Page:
Tropically Speaking, NASA Investigates Precipitation Shapes, Sizes for Severity
Rain drops are fat and snowflakes are fluffy, but why does it matter in terms of predicting severe storms? We've all seen fat rain drops, skinny rain drops, round hailstones, fluffy snowflakes and even ice needles. This summer, NASA researchers are going to get a look at just how much these shapes influence severe storm weather. To do it, they'll have to look inside the guts of some of the world's fiercest storms. NASA recently assembled a team of hurricane scientists from across the country to carry out high-altitude-aircraft surveillance to explore in detail how storms form, intensify and dissipate.

Earth scientists and engineers at NASA's Marshall Space Flight Center in Huntsville, Ala., have redesigned one of their instruments, the Advanced Microwave Precipitation Radiometer, or AMPR, to better observe the different shapes of precipitation. In August and September, AMPR will fly at an altitude of 60,000 feet over the Gulf of Mexico and Atlantic Ocean. It will sit in the bomb bay of a WB-57 airplane, which is based at the NASA Johnson Space Center's Ellington Field in Houston. During these flights, AMPR researchers will test a new build the instrument is an upgraded version of the original AMPR built at NASA Marshall in the early 1990s and use it to participate in NASA's upcoming hurricane study, the Genesis and Rapid Intensification Processes field campaign, better known as GRIP.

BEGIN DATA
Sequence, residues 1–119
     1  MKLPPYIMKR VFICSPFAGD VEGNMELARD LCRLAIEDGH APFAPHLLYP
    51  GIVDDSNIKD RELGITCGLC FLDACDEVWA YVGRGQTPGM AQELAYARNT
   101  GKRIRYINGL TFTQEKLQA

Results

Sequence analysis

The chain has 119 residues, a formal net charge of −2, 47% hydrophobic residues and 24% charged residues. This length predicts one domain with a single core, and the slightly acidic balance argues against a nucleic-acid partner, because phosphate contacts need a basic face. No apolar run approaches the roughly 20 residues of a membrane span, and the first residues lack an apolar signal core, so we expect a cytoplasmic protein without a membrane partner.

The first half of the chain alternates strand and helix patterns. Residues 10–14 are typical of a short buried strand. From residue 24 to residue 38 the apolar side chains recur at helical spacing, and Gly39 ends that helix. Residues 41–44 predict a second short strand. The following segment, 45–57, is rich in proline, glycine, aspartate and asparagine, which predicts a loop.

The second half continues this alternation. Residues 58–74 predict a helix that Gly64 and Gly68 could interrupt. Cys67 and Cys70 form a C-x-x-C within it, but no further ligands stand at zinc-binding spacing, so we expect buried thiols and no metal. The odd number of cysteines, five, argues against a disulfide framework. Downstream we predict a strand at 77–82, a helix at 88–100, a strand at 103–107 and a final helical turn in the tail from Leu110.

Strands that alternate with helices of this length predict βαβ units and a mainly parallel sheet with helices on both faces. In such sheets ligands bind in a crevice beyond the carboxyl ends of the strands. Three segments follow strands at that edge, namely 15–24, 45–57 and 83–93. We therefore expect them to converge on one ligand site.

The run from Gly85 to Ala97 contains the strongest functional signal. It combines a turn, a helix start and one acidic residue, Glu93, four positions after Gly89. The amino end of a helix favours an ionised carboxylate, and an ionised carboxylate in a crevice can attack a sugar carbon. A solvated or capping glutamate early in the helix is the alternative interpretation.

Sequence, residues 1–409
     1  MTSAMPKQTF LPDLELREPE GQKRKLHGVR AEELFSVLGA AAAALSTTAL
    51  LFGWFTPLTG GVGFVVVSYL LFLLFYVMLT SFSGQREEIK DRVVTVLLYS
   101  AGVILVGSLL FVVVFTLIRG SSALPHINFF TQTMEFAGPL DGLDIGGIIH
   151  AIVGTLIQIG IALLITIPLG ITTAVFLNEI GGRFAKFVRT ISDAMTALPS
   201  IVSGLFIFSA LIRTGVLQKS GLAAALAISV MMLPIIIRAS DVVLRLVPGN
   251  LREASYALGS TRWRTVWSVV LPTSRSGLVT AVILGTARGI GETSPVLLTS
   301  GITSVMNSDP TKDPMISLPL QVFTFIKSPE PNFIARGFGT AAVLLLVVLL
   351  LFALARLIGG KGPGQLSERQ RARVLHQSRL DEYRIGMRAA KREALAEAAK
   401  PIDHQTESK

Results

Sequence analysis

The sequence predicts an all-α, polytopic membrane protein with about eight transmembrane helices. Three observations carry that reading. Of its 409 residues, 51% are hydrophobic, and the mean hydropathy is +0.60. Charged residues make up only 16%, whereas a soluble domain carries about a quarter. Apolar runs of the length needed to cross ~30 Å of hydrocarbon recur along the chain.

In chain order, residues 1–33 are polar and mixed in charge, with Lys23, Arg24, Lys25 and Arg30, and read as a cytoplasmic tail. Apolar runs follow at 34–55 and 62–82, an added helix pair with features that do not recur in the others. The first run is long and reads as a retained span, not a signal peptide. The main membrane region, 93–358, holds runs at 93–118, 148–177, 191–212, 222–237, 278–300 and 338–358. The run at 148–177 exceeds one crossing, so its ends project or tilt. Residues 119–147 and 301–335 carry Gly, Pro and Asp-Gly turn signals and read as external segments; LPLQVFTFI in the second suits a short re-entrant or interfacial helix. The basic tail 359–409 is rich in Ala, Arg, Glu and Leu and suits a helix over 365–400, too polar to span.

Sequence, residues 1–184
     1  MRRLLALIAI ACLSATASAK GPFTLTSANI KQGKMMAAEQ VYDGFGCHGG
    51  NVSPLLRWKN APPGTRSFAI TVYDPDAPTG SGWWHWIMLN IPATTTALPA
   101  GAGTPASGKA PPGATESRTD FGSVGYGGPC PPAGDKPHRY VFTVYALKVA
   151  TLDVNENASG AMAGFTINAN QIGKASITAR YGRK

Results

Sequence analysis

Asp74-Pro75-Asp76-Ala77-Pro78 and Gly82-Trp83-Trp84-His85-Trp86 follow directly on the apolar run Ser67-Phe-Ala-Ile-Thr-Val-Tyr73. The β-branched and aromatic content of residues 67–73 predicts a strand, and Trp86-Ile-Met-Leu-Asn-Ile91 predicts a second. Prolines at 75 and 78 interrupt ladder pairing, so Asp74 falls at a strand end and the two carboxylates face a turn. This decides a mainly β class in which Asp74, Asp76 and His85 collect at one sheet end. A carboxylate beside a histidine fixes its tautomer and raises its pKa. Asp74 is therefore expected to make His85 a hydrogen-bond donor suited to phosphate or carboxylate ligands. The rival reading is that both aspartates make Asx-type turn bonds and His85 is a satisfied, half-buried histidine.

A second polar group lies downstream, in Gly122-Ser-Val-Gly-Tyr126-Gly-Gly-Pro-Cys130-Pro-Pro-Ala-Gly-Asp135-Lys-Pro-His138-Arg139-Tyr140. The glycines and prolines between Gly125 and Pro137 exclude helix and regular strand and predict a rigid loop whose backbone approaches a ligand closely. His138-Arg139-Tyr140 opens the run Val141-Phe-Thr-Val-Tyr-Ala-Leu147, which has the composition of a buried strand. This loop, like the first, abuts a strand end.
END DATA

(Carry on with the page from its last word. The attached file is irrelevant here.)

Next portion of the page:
The campaign involves three planes mounted with 14 different instruments, including AMPR. The instruments will all work together to create the most complete view of a hurricane to date. Researchers hope the hurricane campaign will help them answer some of nature's most perplexing questions. As tropical storms grow, they produce massive amounts of rain a key element in the development of full-scale hurricanes. Scientists will use AMPR along with the other instruments, such as data from the Tropical Rainfall Measuring Mission or TRMM satellite, to figure out just how hard it's raining inside these ferocious storms, and how much of that rain is associated with the production of ice during intensification.

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